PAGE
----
In each session of the state’s annual legislative gathering there are a handful of bills introduced that are guaranteed to produce more than a few snickering and snide comments as outsiders to the process struggle to refrain from simply laughing aloud.
You can add House Bill 352 from the current session to that historic list.
Introduced by Rep. Jason Spencer of Woodbine and Charles Gregory of Kennesaw, HB 352 basically would empower the state to ignore any federal law the General Assembly felt was unconstitutional.
The bill provides for a 10 member committee – five members appointed from the state House, five from the state Senate – that would be responsible for deciding if federal laws and regulations are “outside the scope of the powers delegated by the people to the federal government in the United States Constitution or at odds with the Georgia Constitution.”
If the committee found that the law or regulation being reviewed overstepped the bounds of federal power, as interpreted by the committee members, it would recommend “nullification” to the state’s General Assembly, which could then vote to do so. And at that point, one presumes, said federal law or regulation may still apply to the other 49 states, but not to Georgia.
When it comes to picking your poison, it’s hard to say which prospect has less appeal – a federal government that doesn’t respect the boundaries of its power, or the idea that 10 members of the Georgia legislative body could be empowered to interpret where those boundaries should exist.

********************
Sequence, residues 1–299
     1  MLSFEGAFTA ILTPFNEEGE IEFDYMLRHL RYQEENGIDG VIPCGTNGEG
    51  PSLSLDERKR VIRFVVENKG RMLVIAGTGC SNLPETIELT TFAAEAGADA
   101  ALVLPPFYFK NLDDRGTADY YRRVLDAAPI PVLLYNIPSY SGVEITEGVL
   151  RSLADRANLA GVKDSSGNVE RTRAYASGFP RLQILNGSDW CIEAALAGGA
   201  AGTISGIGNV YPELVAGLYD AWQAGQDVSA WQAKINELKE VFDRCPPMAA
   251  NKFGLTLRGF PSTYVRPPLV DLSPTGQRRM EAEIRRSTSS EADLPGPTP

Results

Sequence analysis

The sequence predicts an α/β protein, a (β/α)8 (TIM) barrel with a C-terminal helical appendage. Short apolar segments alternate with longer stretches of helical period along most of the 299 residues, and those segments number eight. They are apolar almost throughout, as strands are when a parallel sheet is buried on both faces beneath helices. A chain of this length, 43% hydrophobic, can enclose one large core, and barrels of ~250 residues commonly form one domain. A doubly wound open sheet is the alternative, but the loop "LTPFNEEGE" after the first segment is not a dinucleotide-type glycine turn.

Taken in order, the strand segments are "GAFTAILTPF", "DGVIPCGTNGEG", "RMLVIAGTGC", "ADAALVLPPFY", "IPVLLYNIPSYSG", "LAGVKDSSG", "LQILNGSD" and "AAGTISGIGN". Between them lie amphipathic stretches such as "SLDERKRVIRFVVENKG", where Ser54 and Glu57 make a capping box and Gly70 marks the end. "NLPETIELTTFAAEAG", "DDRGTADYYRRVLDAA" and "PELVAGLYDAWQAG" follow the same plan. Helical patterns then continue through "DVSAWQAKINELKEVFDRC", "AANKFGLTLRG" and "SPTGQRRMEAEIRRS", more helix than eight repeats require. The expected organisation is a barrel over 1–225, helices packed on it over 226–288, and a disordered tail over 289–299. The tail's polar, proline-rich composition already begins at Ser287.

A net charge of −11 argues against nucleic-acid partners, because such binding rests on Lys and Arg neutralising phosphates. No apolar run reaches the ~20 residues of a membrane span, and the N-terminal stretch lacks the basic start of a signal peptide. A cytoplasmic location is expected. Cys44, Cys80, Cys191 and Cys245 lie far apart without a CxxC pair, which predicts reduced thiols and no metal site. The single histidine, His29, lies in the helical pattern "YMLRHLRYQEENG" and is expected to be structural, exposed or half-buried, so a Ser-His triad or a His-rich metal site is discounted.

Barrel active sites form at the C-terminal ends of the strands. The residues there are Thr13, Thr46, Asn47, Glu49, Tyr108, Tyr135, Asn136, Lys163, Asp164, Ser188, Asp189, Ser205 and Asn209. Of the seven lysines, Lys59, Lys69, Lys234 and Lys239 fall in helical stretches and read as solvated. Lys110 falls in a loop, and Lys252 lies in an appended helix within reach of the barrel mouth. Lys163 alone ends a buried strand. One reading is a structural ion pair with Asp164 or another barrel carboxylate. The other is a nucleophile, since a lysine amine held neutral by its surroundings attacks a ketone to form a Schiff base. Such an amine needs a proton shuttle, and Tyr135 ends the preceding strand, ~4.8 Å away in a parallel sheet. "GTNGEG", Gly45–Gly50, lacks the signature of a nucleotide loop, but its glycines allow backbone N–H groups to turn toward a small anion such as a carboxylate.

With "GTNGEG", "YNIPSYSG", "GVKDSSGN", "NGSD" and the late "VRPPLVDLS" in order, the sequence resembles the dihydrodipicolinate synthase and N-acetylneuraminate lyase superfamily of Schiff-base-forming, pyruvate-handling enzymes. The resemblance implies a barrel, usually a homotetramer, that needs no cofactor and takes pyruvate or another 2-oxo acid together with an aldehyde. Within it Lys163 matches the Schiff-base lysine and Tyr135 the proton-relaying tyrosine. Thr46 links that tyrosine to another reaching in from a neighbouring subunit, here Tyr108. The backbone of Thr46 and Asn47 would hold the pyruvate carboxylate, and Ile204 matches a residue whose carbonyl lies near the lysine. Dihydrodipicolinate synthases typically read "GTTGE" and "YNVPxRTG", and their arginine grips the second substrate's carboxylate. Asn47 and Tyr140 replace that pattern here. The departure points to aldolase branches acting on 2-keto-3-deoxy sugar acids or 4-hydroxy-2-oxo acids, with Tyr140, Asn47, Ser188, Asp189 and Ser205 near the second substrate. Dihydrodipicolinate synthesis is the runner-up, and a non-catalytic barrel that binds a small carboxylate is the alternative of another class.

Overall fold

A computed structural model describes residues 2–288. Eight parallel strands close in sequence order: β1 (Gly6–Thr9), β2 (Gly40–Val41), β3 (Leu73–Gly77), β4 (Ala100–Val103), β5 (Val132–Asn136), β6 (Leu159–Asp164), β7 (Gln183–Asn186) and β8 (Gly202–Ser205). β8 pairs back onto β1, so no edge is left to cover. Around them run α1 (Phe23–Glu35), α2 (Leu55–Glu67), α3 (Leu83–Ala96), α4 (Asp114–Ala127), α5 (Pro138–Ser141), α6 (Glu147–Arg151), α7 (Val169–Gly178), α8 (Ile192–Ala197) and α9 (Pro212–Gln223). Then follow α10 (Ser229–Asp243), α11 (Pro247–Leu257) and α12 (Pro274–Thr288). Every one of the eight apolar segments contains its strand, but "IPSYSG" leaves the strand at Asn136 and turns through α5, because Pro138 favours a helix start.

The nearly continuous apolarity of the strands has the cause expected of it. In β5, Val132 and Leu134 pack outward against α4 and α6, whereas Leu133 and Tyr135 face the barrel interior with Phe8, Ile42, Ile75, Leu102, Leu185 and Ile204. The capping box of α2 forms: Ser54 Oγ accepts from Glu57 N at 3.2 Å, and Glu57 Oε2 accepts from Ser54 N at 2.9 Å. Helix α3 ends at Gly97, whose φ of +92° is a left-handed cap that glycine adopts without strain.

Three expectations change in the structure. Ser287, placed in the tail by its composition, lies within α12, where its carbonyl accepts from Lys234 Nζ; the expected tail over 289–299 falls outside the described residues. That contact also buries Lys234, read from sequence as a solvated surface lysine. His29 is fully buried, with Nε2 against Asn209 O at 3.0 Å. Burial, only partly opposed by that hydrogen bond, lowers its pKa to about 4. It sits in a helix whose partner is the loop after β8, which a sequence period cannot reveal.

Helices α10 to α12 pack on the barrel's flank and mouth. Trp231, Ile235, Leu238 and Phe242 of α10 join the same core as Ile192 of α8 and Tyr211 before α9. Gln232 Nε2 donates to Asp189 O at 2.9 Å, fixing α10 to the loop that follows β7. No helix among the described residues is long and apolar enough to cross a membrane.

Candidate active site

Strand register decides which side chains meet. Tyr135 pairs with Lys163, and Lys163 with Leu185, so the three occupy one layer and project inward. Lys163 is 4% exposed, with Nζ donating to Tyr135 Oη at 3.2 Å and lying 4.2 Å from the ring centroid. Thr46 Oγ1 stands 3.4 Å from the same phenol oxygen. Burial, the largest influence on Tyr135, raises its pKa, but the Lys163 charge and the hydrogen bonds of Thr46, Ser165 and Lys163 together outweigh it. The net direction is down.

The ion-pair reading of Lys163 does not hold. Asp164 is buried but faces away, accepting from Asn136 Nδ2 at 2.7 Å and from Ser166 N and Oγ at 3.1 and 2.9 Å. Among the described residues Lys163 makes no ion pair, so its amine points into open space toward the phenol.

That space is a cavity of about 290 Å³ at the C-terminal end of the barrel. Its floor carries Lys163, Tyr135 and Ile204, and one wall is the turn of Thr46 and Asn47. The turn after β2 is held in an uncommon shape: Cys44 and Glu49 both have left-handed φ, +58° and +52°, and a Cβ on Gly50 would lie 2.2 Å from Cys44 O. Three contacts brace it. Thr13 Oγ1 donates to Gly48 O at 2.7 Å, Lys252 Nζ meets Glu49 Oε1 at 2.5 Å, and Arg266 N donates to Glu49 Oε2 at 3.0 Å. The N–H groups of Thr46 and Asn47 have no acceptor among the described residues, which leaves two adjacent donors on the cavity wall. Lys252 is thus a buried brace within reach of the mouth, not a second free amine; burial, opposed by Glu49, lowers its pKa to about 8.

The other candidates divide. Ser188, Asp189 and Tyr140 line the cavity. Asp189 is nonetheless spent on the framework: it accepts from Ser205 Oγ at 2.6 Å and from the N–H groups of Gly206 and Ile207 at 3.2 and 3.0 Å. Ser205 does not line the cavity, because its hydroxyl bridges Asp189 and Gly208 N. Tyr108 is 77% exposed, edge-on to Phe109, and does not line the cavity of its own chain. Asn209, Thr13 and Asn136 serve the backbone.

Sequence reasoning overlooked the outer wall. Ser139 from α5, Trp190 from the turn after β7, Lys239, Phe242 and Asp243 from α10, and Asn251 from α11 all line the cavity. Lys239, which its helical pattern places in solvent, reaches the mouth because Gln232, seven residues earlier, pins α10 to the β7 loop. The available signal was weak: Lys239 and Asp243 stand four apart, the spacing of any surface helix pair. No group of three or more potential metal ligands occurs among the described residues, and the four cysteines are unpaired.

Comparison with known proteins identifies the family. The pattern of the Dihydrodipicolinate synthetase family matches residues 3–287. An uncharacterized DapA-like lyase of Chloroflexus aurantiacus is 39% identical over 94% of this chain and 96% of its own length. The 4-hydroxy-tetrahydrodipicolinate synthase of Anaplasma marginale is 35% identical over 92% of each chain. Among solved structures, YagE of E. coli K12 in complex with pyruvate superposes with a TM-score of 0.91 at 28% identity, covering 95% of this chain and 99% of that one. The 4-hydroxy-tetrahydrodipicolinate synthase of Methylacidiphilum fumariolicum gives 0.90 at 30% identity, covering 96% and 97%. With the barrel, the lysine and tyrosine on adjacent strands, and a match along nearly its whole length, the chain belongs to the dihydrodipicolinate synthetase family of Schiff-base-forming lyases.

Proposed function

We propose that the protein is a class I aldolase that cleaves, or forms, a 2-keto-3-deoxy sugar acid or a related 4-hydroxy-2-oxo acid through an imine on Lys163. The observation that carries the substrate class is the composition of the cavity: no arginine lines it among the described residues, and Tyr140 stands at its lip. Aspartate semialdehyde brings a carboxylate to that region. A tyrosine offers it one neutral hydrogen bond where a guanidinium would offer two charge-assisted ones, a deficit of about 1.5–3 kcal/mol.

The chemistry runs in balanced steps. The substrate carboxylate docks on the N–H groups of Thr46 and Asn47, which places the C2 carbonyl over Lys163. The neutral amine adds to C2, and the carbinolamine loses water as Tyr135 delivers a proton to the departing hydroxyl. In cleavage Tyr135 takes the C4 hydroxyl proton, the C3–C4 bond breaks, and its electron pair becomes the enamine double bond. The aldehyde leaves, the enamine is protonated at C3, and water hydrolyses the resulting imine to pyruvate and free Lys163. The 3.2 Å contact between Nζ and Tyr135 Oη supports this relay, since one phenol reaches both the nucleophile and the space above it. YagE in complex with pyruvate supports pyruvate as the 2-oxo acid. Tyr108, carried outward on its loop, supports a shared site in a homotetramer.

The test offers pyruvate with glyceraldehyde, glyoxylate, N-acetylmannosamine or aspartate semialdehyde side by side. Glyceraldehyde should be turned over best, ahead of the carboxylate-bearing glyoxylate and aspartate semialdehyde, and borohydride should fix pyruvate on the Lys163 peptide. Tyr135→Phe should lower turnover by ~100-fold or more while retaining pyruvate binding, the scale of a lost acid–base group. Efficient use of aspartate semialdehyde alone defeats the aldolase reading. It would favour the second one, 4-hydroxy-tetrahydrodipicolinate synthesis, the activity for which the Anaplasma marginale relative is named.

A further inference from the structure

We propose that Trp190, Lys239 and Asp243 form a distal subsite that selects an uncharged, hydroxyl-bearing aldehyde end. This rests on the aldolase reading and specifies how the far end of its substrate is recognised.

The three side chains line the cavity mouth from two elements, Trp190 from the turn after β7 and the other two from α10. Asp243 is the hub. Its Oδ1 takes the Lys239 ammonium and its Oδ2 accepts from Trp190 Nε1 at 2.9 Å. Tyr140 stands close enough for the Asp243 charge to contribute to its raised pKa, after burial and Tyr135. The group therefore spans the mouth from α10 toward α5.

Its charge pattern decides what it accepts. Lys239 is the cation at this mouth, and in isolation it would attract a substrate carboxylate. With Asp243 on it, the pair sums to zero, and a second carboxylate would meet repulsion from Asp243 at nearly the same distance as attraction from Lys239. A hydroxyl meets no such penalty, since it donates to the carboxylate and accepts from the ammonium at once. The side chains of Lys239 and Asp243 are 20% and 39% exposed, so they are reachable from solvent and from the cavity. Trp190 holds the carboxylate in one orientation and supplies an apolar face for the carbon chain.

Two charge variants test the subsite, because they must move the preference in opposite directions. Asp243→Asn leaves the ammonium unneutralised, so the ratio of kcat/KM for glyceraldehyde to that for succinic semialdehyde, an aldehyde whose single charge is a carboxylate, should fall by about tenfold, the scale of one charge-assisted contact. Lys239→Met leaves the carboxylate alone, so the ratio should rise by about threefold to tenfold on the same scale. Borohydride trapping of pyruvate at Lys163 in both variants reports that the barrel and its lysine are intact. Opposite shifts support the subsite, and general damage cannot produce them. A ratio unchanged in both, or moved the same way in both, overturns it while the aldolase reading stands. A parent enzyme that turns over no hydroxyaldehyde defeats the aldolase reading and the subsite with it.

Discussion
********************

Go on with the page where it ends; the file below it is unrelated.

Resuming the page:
Obviously such legislation is indicative of the frustration felt by many at the federal government’s never sated lust for more authority. But as tempting as it might be to shout for joy at the prospect of being able to ignore federal law, it’s a little hard to generate much enthusiasm for this particular proposed bit of anarchy.
The whole idea of states having the right to selectively decide which federal laws they choose to acknowledge was pretty well decided 150 years or so ago by the fighting of a civil war. While there are those who will “never forget,” for most it’s not an issue worthy of serious debate.
Spencer, for his part, has said that he doesn’t really expect the bill to be passed this year, though he hopes for a committee hearing which can be used for educational purposes to explain constitutionality and governmental roles.
Bills like HB 352 tend to find favor among small groups of passionate people in various states, and frequently more than one legislative body will find them on the docket for discussion. This particular idea is also at the core of a bill in Mississippi this year, where a legislative committee has voted it down.
We understand the mindset behind the legislation, can even empathize to some extent to those who would favor such an action, but that’s about as far as it goes in generating support for the idea of making the state’s General Assembly the arbiter of what is constitutional and what is not, rather than the Supreme Court of the land.